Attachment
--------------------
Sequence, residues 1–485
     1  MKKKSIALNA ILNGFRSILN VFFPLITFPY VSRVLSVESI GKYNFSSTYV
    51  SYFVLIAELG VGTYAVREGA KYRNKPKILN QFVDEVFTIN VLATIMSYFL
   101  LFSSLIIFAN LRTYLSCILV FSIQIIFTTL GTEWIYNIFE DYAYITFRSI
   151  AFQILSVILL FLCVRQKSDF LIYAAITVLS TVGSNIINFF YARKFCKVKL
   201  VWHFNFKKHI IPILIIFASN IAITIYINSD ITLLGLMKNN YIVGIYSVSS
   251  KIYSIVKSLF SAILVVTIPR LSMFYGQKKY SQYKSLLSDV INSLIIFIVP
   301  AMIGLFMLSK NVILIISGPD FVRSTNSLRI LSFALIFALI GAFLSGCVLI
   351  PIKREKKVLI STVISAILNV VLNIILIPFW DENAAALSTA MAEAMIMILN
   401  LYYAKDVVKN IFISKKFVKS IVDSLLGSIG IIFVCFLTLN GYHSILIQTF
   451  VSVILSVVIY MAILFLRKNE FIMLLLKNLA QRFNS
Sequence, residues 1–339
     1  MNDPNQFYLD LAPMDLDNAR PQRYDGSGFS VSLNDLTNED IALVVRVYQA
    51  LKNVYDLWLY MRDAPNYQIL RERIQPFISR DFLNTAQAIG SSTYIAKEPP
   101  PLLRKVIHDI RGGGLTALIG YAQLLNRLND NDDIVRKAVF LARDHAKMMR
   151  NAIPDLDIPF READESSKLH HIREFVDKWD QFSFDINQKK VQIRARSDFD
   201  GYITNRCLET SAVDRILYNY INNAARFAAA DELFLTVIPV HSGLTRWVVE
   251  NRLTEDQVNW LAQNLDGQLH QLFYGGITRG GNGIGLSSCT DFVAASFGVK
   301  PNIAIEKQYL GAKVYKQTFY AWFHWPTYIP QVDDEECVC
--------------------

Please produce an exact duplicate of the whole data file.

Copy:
Sequence, residues 1–485
     1  MKKKSIALNA ILNGFRSILN VFFPLITFPY VSRVLSVESI GKYNFSSTYV
    51  SYFVLIAELG VGTYAVREGA KYRNKPKILN QFVDEVFTIN VLATIMSYFL
   101  LFSSLIIFAN LRTYLSCILV FSIQIIFTTL GTEWIYNIFE DYAYITFRSI
   151  AFQILSVILL FLCVRQKSDF LIYAAITVLS TVGSNIINFF YARKFCKVKL
   201  VWHFNFKKHI IPILIIFASN IAITIYINSD ITLLGLMKNN YIVGIYSVSS
   251  KIYSIVKSLF SAILVVTIPR LSMFYGQKKY SQYKSLLSDV INSLIIFIVP
   301  AMIGLFMLSK NVILIISGPD FVRSTNSLRI LSFALIFALI GAFLSGCVLI
   351  PIKREKKVLI STVISAILNV VLNIILIPFW DENAAALSTA MAEAMIMILN
   401  LYYAKDVVKN IFISKKFVKS IVDSLLGSIG IIFVCFLTLN GYHSILIQTF
   451  VSVILSVVIY MAILFLRKNE FIMLLLKNLA QRFNS
Sequence, residues 1–339
     1  MNDPNQFYLD LAPMDLDNAR PQRYDGSGFS VSLNDLTNED IALVVRVYQA
    51  LKNVYDLWLY MRDAPNYQIL RERIQPFISR DFLNTAQAIG SSTYIAKEPP
   101  PLLRKVIHDI RGGGLTALIG YAQLLNRLND NDDIVRKAVF LARDHAKMMR
   151  NAIPDLDIPF READESSKLH HIREFVDKWD QFSFDINQKK VQIRARSDFD
   201  GYITNRCLET SAVDRILYNY INNAARFAAA DELFLTVIPV HSGLTRWVVE
   251  NRLTEDQVNW LAQNLDGQLH QLFYGGITRG GNGIGLSSCT DFVAASFGVK
   301  PNIAIEKQYL GAKVYKQTFY AWFHWPTYIP QVDDEECVC